I was reading an article (link below) from one of my favourite Medium writers when a thought occurred to me and I just had to write about it!
In the article, Tina — the writer — mentioned that she confessed in her writing how sometimes she was so frustrated that she didn’t want to be a mother or have kids.
I sincerely admire her for being able to be so honest. It’s so… human.
I’m sure there are parents out there who think about the same thing at times. Being a parent is not always easy. My mother used to tell me the ups and downs of having kids. Yes, inevitably, there are downs too.
It’s not always rainbow, unicorns and butterflies. It’s not always laughter, giggles and cuteness.
It’s also the rock-and-roll crying in the middle of the night (or at 4AM in the morning right before your 6AM alarm clock). It’s having to take a little child with short attention span almost everywhere you go (it’s really difficult). It’s random tiny bursts of tantrums spread out throughout the whole day.
I don’t have children of my own yet. But how do I know?
My youngest brother was borne when I was in high school.
Yep. We have 11 years age gap between us. So I know (roughly) how it is.
Many people asked me how did I have such an amazing relationship with my mother. We were basically like friends! And seriously, I could tell her everything and I’m not even exaggerating (this is every mother and daughter’s dream comes true).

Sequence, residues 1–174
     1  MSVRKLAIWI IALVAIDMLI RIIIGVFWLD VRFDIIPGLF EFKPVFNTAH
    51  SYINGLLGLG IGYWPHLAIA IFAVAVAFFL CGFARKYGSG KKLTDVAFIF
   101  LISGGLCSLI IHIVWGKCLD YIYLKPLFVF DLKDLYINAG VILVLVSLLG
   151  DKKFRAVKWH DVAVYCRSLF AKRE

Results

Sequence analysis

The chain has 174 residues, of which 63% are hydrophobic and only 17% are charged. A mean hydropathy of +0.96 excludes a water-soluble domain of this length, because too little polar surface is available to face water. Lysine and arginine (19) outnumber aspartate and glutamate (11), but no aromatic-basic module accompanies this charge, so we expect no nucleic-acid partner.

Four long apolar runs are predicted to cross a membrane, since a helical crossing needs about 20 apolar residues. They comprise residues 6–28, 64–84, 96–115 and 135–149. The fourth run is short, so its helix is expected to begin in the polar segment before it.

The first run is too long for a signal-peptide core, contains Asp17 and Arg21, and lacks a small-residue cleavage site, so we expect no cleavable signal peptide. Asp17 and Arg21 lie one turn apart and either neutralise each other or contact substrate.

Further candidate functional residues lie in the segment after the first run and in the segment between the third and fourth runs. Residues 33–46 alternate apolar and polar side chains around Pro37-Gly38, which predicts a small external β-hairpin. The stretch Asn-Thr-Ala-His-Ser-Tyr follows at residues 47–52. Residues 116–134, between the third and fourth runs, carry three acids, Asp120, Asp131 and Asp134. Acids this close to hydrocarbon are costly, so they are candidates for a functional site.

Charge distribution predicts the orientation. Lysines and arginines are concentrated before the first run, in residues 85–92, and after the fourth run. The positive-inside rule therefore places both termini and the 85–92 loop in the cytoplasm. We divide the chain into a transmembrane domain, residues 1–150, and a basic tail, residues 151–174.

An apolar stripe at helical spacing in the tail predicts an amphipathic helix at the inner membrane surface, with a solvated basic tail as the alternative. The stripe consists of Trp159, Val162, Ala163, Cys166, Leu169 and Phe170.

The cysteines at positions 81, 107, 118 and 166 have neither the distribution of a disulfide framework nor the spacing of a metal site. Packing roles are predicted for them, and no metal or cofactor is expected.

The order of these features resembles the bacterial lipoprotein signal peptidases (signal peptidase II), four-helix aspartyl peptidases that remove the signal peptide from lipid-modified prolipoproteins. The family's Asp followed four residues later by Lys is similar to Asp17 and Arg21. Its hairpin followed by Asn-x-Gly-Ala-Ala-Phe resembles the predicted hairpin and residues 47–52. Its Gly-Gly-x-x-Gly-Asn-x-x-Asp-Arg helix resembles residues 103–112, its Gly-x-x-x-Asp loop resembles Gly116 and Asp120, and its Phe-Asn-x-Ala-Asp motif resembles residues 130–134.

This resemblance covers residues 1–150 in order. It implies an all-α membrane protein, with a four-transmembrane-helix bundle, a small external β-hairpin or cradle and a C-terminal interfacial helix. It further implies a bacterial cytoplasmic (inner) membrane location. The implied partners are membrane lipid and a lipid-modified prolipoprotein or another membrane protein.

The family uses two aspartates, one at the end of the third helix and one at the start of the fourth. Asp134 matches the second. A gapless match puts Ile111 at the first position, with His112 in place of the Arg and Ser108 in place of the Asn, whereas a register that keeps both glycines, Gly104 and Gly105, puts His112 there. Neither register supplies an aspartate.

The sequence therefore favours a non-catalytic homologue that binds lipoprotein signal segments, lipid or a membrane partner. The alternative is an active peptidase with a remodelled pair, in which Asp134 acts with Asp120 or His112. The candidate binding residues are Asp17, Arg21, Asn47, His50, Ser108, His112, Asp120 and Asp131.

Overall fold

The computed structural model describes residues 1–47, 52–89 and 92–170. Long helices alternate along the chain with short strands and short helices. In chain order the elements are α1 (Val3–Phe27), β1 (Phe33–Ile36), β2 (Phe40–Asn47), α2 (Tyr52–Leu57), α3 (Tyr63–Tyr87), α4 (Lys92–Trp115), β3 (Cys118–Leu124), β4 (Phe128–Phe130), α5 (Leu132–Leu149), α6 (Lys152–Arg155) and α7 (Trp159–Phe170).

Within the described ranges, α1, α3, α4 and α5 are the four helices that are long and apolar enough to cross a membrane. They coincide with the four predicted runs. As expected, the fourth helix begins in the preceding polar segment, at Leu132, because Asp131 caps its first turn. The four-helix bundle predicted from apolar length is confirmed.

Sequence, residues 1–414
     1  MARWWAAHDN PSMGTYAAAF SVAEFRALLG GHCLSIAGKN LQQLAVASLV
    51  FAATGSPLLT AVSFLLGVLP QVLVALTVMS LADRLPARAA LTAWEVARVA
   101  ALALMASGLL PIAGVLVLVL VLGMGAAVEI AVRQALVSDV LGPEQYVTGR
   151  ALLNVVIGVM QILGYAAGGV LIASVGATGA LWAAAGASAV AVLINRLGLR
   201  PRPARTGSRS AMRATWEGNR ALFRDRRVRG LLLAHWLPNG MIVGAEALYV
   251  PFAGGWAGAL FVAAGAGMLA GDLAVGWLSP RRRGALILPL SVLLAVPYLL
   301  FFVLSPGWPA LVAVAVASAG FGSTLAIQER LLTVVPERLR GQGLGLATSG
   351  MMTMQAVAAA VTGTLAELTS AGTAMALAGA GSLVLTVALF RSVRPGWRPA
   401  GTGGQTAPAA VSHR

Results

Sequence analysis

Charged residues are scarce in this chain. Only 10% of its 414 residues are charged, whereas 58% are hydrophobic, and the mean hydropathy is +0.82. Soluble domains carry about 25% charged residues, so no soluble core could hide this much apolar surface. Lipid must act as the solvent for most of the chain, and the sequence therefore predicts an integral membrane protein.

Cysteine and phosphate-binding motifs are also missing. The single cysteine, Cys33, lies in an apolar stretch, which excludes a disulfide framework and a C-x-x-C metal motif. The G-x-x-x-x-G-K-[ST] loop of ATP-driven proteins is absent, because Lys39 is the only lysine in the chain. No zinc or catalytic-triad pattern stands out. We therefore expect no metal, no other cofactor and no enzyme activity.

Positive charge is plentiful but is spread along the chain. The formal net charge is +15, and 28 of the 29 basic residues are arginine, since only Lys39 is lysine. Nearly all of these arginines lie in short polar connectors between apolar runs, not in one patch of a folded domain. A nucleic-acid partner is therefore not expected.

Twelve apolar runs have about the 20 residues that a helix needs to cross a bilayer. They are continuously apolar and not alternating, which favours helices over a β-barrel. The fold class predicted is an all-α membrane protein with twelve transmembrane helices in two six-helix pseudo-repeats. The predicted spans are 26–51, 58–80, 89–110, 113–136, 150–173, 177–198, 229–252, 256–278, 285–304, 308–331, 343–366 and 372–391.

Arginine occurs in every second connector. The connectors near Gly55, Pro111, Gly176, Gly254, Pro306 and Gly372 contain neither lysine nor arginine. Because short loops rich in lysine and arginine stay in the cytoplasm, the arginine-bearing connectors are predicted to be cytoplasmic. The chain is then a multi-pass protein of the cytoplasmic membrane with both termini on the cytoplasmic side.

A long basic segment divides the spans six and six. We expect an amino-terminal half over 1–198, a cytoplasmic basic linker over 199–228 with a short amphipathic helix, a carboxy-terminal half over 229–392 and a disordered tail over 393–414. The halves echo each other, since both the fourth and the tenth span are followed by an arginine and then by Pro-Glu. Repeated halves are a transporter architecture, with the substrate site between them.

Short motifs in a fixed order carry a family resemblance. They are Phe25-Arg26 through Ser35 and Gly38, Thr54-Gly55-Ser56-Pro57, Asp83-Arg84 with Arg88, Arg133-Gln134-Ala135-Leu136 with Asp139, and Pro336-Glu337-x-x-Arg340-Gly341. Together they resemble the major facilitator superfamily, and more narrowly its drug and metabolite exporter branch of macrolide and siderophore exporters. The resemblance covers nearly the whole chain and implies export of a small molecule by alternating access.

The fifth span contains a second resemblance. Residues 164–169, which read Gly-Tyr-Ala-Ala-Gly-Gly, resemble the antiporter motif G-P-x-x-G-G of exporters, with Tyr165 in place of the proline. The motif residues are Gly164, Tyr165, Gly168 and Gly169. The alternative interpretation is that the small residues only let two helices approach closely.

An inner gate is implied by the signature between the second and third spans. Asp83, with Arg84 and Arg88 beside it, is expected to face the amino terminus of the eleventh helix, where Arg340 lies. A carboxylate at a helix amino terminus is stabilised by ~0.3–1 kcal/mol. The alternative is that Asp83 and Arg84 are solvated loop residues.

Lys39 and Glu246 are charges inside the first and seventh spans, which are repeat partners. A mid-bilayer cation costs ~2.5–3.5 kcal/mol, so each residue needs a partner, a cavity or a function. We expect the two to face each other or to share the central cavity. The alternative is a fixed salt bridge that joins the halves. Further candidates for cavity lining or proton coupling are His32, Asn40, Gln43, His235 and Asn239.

How did we do it?
First of all, I had a wonderful, understanding, open-minded mother, who was willing to really listen. This fact itself, has made it so much easier for me to connect with her. She rarely judged (she did at times, she’s human), she gave advices and suggestions but didn’t force me to comply, and the most important thing, she gave me space and room to breathe, to explore and to simply… live.
Secondly, I try my very very best to see her as a person. Not as a mother, just as a… person. It really makes all the difference.
Very often we see our parents as some sort of superhuman (they are, most of the time) and we scrutinize every single little thing they do. Forgetting that they are just like us.
Once upon a time, they were children too. Once upon a time, they were teenagers too. Once upon a time, they were us.
There are many parenting books out there these days. But I really don’t think that there is a manual for parenting. There are too many variables involved. A human after all, is a very complex being.
I truly admire parents who are open and honest about their feelings. Raising a human being, trying to mould them into a decent person who will make positive contribution to the society in the future, is NOT easy. The world can be a very difficult place to live nowadays.
So, if you’re a parent and you’re frustrated with your child, well, share your stories with someone. It’s okay to be completely honest.
It’s okay to be human.
Just because you’re a father or a mother, doesn’t mean you’re not simply… you.
If the person you’re being honest about your feelings with judge you, well, at least you know who loves you for who you truly are and who only loves the ideas of you that they create in their heads.
That being said, I want all of you parents out there who are reading this to know: YOU ARE AMAZING, WONDERFUL, SUPER HUMAN BEINGS!
Just because you have emotions like frustration or exasperation, DOESN’T mean you’re a terrible parent! It just makes you human!
Thank you for reading, thank you for being you and thank you for raising a better generation to create a better future!